Iran is also pressuring European countries to intercede, and is getting dangerously close to breaching the terms of the 2015 deal in an attempt to force the EU to do more to ease the economic pressure campaign on Tehran.

Russia, which is also a signatory to the 2015 deal, may also try to ease tensions between the US and Iran. Trump will follow up his meeting with Merkel with a one-hour meeting with Russian President Vladimir Putin, who has previously warned that a US attack on Iran — a Russian ally — would be “catastrophic.”

When a reporter asked Trump Wednesday what he and Putin would discuss, Trump told a reporter, “It’s none of your business.” Last year, when Trump met with Putin in Helsinki, the US president refused to call out Russia for its interference in the 2016 election. With the 2020 campaign gearing up, many Americans are hoping Trump will make it clear to Putin that such meddling won’t be tolerated this time around — but somehow, that seems unlikely to happen.

Trump will finish up his meetings on Friday with a like-minded leader: Brazilian President Jair Bolsonaro. Trump hosted Bolsonaro at the White House in March, where they lavished praise on each other and both attacked “fake news.”

The two are likely to discuss the ongoing crisis in Venezuela, where Brazil has joined the US in backing opposition leader Juan Guaidó as the interim president.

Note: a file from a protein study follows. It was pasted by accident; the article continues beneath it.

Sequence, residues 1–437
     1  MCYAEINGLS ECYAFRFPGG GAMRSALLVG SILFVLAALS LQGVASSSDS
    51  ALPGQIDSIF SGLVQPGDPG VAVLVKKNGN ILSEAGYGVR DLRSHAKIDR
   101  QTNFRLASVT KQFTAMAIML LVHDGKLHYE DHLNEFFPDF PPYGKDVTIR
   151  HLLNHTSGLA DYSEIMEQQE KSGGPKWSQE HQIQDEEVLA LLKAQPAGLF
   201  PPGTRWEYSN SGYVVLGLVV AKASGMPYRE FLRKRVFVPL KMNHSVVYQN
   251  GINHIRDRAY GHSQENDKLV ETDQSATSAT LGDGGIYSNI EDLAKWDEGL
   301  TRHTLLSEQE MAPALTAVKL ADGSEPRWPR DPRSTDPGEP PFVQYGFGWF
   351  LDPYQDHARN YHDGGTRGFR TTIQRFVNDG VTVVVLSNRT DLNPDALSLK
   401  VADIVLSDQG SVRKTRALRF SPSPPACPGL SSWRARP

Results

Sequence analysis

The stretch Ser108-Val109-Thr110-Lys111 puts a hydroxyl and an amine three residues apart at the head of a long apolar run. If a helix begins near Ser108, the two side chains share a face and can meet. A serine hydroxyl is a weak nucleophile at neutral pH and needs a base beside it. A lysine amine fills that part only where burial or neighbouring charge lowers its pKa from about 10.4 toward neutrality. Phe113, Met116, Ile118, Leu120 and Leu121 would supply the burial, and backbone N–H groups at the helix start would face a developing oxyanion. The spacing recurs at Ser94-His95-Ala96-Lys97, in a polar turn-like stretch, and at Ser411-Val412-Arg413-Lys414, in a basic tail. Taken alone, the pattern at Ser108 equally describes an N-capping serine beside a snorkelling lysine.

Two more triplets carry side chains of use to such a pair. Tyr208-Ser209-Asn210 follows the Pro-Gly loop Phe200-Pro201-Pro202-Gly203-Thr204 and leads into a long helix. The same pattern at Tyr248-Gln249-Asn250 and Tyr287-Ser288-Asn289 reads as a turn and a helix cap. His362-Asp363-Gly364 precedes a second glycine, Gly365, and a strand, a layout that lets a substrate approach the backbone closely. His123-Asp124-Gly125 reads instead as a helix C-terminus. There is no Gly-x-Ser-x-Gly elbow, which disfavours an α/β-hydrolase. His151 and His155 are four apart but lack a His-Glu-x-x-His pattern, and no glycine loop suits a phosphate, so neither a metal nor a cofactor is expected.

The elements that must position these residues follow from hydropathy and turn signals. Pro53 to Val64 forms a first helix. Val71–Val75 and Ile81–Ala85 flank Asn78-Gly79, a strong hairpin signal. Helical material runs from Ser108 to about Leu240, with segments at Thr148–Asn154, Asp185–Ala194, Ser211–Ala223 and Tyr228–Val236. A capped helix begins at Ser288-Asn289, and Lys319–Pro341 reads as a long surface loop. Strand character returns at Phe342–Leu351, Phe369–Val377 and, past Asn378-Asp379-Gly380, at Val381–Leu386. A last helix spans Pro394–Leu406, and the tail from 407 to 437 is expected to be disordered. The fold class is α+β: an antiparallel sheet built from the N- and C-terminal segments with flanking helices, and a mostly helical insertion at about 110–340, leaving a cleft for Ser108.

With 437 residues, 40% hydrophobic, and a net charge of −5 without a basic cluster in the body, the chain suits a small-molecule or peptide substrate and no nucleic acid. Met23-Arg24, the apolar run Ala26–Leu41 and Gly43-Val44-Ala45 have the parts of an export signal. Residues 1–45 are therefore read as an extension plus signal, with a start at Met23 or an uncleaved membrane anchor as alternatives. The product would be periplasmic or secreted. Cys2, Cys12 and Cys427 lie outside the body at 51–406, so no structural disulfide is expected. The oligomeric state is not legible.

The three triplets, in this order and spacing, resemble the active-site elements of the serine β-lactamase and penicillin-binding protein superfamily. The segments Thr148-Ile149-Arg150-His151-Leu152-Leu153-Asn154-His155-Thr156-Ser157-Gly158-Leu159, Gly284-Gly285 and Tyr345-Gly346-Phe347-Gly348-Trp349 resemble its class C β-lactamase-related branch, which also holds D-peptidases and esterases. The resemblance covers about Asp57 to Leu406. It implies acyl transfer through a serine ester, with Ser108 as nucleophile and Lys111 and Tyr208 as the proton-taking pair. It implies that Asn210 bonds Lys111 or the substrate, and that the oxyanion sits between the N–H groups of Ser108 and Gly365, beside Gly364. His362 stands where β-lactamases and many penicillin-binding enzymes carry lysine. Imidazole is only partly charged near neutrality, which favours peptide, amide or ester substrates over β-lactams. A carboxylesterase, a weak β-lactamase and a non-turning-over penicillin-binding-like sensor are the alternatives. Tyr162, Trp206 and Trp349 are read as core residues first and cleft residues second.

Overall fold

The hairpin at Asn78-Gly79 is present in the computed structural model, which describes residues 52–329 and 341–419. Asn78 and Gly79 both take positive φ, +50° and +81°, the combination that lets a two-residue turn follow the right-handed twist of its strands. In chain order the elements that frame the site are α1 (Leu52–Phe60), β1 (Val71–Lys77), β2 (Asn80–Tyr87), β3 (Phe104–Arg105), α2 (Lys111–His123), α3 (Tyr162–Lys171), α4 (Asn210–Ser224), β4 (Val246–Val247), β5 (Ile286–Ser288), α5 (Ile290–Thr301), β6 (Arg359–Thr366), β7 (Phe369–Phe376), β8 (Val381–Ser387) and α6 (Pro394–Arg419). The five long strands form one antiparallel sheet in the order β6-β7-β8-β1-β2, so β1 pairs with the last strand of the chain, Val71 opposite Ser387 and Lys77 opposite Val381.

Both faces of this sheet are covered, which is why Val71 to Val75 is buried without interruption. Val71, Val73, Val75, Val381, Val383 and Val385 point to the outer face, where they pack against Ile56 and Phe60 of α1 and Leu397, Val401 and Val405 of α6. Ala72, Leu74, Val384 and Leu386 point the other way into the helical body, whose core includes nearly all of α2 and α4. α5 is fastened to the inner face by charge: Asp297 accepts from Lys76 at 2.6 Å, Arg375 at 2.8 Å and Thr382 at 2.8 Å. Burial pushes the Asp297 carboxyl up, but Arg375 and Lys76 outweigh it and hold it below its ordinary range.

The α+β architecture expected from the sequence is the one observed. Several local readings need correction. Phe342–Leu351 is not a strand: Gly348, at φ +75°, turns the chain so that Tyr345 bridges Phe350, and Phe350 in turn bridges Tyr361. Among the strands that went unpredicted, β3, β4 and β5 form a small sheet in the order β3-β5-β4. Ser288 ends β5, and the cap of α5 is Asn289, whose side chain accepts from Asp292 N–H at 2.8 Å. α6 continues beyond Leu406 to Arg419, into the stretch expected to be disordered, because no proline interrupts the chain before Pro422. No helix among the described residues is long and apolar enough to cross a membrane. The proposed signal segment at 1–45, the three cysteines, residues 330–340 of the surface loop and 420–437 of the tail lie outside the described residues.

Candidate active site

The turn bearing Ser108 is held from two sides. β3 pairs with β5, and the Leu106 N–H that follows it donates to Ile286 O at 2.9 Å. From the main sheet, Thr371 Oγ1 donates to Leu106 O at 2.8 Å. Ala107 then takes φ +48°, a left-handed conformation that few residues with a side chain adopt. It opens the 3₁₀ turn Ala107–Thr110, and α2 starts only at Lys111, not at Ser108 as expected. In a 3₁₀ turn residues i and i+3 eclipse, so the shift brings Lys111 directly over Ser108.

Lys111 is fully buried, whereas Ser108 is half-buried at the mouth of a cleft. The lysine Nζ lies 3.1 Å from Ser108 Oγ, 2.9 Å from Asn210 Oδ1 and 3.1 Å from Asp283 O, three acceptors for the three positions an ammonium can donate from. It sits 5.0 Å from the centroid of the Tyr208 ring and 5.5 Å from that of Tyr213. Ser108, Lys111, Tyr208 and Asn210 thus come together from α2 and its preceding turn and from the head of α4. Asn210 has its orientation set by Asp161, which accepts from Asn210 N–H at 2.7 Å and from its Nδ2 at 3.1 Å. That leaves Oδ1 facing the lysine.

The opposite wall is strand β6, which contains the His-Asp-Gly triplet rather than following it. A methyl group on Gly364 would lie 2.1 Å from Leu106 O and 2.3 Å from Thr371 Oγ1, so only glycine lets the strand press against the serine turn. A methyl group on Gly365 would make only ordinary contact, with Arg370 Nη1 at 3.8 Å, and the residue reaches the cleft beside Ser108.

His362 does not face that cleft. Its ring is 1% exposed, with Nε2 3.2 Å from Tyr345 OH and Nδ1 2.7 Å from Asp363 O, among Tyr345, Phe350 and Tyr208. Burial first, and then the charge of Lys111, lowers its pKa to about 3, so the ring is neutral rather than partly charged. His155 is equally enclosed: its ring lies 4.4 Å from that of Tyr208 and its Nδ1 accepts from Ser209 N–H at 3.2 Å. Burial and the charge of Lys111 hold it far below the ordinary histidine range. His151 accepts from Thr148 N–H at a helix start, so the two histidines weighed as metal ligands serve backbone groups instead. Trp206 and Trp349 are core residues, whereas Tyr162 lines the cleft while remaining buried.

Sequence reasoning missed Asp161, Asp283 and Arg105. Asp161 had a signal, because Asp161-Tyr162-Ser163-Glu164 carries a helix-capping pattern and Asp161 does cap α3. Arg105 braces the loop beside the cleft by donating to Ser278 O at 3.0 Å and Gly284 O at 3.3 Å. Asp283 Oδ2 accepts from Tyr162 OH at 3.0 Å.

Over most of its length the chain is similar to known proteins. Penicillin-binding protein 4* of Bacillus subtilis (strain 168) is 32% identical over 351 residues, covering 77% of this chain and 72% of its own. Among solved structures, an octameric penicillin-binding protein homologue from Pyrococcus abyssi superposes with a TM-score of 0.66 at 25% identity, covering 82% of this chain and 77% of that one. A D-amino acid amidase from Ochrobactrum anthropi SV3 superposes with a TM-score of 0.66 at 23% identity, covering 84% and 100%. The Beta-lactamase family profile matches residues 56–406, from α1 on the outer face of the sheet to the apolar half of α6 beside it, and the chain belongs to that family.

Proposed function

Oddly enough, Bolsonaro almost eclipsed Trump when it came to generating G20 controversy after a Brazilian crewman in Bolsonaro’s advance team got busted with about 86 pounds cocaine on a stopover in Spain.

Trump finishes off his G20 trip with three very critical meetings. First up: MBS.

On Saturday, Trump will hold three high-stakes meetings with three authoritarian leaders: Saudi Arabia’s Crown Prince Mohammad bin Salman (or MBS, as he’s often called in Washington), Chinese President Xi Jinping, and Turkey’s President Recep Tayyip Erdoğan.

Trump will have breakfast with MBS, just a week after a United Nations investigation found there was “credible evidence” linking the crown prince to the murder of Saudi dissident journalist and Washington Post columnist Jamal Khashoggi in a Saudi consulate in Istanbul last fall.

President Trump and his administration have repeatedly rebuffed allegations of MBS’s personal involvement and sought deeper ties with Saudi Arabia, particularly in the wake of the Iran crisis.

And Iran will definitely be on the agenda. Saudi Arabia largely backs the Trump administration’s maximum pressure campaign against Iran, but it’s also at risk as tensions mount, as any US military conflict with Iran would almost certainly put Saudi Arabia in Iran’s crosshairs as well.

This meeting also comes at an awkward time, as Congress is currently attempting to block a controversial arms sale to the Kingdom.

Xi and Trump will talk trade. Will anything happen with the US-China standoff?

After MBS comes perhaps the headlining G20 sit-down, between Trump and Chinese President Xi.

This is the one everyone’s been waiting for, after Trump increased tariffs on China after trade talks broke down in April.

The Wall Street Journal reports that China might have a counteroffer for Trump that includes lifting a ban on the sale of US technology to the Chinese tech giant Huawei; ending punishing tariffs; and dropping demands that China buy more US goods.